Terms such as stocks, income, profit, loss, savings, checking, credit cards, debit cards, employment, long and short-term goals, budgets and bonds are often aspects of heady conversation among those in the business of managing and investing money.

But on three recent Wednesdays in January, those terms were being discussed among members of Anne Landry’s fifth-grade math class at Rudolph Matas Elementary School in Metairie.

“I am learning a lot about money, especially how to manage it and how to save it,” student John Fussel said. “I have also learned some things about investing money and the risk and returns on investments. I like math, so all of this has been interesting to me.”

Fidelity Bank of Louisiana was selected to participate in the Federal Deposit Insurance Corporation’s Youth Savings Pilot Program, which includes 12 banks throughout the country. The goal of the program is to educate young students about how to effectively manage money.

Fidelity Bank selected Matas as a partner for the program.

Three weekly financial sessions on Jan. 13, 20 and 27 included about 80 fifth-graders. They were held at Matas and conducted by Robert Baer, vice president of innovation and product management for Fidelity, and David Pickett, vice president of retail banking service and support manager for Fidelity.

“This is the first school in the New Orleans area to have a program like this through Fidelity,” Baer said. “We’ve covered a broad range of topics concerning money such as budgeting, savings, smart buying habits, charitable donations, how to use a debit card, how to manage a credit card and how to open a checking account.”

During the final session Jan. 27, Baer told the students they were now “at an age when you need to start thinking about what you want to do as a career and what kind of life you want to have in the future.”

A screen at the front of the classroom displayed a list of jobs based on the areas of interest to the students, such as a veterinarian, a nurse or physician, social worker, lawyer, architect, museum curator, engineer and graphic designer.

“Whatever you wish to do as a career, it should be something you enjoy because it may be a career you have for the rest of your life,” Baer said. “And remember, to pursue these careers, you will need to attend college, and college costs a lot of money. So be wise with your spending and your savings.”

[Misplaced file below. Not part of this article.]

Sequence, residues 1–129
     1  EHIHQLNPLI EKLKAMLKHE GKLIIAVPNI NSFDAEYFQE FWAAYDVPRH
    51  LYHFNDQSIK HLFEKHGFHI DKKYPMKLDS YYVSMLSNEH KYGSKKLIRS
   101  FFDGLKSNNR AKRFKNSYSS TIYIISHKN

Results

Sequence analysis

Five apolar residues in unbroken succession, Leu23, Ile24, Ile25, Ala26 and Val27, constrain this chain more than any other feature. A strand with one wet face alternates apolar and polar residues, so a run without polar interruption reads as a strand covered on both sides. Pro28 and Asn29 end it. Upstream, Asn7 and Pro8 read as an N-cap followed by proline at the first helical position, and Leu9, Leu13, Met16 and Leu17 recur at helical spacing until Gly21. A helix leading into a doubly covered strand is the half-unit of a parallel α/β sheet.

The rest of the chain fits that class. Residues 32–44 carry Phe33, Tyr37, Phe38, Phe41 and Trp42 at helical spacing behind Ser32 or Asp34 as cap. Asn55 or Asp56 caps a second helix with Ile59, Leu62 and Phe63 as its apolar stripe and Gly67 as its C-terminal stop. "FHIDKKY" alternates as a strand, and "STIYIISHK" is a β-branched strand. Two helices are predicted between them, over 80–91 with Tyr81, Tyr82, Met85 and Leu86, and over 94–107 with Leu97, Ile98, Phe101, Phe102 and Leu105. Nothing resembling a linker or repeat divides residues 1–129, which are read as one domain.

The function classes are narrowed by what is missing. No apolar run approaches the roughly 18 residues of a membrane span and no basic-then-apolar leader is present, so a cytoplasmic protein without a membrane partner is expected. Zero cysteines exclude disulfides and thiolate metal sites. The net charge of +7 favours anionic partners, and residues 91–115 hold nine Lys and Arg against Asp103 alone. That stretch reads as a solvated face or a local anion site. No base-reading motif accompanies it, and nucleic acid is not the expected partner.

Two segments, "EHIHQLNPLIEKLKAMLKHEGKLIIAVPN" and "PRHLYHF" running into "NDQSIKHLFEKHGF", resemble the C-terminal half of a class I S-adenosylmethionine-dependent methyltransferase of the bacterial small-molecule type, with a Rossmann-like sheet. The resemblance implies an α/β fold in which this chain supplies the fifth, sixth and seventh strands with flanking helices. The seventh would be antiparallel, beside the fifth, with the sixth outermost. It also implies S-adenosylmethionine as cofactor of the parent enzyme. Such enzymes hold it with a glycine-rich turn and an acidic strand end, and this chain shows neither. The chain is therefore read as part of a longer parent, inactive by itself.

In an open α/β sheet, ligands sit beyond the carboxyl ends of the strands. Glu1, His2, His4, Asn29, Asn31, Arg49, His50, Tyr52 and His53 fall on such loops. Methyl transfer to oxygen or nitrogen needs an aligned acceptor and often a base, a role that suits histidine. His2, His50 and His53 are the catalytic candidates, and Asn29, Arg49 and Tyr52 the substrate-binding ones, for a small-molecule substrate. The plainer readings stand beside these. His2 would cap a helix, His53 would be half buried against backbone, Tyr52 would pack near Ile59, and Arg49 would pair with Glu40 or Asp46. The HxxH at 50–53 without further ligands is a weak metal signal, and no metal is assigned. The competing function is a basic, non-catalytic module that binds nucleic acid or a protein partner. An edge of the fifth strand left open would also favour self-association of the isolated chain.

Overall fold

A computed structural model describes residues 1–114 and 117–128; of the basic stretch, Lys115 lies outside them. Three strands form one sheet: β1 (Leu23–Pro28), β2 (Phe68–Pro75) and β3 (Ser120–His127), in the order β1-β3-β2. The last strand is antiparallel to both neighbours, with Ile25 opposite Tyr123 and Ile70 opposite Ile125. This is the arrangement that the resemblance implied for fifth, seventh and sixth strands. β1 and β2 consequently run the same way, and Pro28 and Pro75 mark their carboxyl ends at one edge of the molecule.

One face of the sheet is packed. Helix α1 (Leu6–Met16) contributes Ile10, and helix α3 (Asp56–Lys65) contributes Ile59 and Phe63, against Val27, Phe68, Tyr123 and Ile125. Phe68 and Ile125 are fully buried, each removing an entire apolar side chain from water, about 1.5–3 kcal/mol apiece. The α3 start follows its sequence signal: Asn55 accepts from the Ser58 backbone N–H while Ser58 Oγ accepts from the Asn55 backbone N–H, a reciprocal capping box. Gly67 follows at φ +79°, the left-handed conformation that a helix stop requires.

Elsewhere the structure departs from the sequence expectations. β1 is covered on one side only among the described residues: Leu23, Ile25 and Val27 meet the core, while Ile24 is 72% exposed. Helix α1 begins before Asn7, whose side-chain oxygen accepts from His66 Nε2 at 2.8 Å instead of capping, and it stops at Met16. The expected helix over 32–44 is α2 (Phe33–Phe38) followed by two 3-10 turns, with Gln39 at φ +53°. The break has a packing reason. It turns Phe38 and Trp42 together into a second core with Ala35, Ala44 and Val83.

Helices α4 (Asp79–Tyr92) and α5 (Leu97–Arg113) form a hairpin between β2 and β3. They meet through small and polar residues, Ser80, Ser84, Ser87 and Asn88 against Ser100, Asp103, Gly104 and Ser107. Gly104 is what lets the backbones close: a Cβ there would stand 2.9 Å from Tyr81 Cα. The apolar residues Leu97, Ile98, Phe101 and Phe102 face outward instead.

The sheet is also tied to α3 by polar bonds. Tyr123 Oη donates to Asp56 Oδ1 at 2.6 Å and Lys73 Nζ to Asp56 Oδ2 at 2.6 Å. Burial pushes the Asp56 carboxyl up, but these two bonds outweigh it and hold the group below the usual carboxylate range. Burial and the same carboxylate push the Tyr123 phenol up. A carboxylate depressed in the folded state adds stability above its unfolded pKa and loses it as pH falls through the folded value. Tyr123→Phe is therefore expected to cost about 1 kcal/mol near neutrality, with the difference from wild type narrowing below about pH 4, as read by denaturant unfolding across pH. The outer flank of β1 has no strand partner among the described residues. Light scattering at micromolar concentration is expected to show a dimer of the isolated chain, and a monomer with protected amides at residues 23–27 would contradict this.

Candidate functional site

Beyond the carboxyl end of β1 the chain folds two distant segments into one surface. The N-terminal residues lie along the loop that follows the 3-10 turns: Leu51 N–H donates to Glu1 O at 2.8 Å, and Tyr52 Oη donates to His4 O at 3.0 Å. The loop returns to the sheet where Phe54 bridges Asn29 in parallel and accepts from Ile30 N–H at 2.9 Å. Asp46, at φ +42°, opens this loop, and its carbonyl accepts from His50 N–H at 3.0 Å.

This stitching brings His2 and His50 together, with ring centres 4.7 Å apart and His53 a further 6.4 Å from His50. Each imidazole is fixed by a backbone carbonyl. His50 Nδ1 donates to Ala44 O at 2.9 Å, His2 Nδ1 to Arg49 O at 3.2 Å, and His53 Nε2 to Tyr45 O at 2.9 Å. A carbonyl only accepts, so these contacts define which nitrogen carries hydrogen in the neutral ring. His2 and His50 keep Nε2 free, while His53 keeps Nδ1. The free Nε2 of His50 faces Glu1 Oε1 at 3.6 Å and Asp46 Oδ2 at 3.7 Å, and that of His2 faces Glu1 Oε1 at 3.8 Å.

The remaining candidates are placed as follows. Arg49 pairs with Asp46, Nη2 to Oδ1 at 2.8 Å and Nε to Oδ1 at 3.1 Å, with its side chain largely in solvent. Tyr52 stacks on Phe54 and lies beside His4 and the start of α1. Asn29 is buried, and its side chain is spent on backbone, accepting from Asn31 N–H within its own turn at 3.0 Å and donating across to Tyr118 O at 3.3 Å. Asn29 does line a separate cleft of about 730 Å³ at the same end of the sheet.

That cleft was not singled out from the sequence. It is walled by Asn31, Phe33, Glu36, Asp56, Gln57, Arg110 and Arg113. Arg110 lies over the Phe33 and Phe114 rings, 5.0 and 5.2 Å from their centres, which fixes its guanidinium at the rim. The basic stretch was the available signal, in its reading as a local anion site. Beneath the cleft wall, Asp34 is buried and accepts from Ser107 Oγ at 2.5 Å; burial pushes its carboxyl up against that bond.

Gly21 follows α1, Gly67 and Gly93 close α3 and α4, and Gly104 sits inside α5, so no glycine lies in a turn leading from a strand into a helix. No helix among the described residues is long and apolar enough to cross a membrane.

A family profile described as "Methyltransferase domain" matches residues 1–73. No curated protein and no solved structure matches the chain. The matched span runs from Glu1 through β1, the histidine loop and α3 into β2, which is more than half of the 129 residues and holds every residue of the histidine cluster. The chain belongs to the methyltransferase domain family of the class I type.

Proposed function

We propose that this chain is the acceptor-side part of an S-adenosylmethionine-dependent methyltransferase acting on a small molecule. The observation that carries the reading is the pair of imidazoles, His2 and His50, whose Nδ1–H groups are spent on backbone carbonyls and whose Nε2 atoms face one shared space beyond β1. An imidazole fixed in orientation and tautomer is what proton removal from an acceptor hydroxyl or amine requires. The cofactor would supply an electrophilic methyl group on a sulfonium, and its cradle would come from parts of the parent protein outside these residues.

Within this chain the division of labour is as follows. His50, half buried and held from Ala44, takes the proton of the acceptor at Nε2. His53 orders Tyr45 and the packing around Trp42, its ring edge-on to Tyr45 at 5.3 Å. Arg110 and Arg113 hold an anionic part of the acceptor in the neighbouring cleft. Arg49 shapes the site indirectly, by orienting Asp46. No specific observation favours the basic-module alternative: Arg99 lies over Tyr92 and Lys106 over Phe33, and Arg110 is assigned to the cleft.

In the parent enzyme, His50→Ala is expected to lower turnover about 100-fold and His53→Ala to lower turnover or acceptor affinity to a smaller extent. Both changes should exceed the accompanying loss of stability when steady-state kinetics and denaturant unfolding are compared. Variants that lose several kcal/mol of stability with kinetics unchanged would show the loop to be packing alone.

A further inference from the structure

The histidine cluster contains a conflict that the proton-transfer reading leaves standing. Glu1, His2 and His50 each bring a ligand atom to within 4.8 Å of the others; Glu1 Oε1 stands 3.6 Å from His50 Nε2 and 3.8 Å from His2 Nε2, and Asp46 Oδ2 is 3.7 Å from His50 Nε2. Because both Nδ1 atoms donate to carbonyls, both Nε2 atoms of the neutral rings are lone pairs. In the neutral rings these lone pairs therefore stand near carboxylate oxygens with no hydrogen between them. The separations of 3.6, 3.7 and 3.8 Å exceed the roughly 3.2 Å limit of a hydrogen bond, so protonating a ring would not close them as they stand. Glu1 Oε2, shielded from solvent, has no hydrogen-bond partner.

Landry, the teacher, said the students have all shown a great interest in learning about finances and money management.

“I really think the program has helped the kids begin to think about and learn the importance of the basics of financial responsibility as well as the value of a dollar,” Landry said.

“I’m excited to see our students learn how to become financially disciplined,” Matas Principal Pat Helmstetter said. “They are learning skills that most people discover through trial and error, so we are very grateful that Fidelity Bank selected our school as a partner.

“I hope our students can take their newfound knowledge back to their respective homes and are able to teach their families about healthy spending, savings and budgeting habits.”

The final part of the program was a tour of Fidelity Bank in Metairie on Feb. 4.

“I received a note from one of the students thanking me for teaching the class and for the field trip to the bank,” Pickett said. “That note is probably the single most rewarding moment of my 27 years in banking. And it’s framed in my office.

“Banks can tell you that there are many adults who don’t have a clue as to how to manage their money — reason being they were never taught by anyone or exposed to a program like the Youth Savings Program. If these kids can walk away from the program with the tools and concepts to be more financially responsible, then I would call it a ‘win-win’ situation for the student.”

Chelsea Santiago said she enjoyed participating in the program.

“You have to learn how to like to save your money as much as you like spending your money,” Chelsea said. “I spend my money on candy, but now I understand that for other things I may want when I get older, I need to learn how to save to pay my bills and buy groceries.

“I want to be a beautician one day. And that’s something I really want to save my money for in the future.”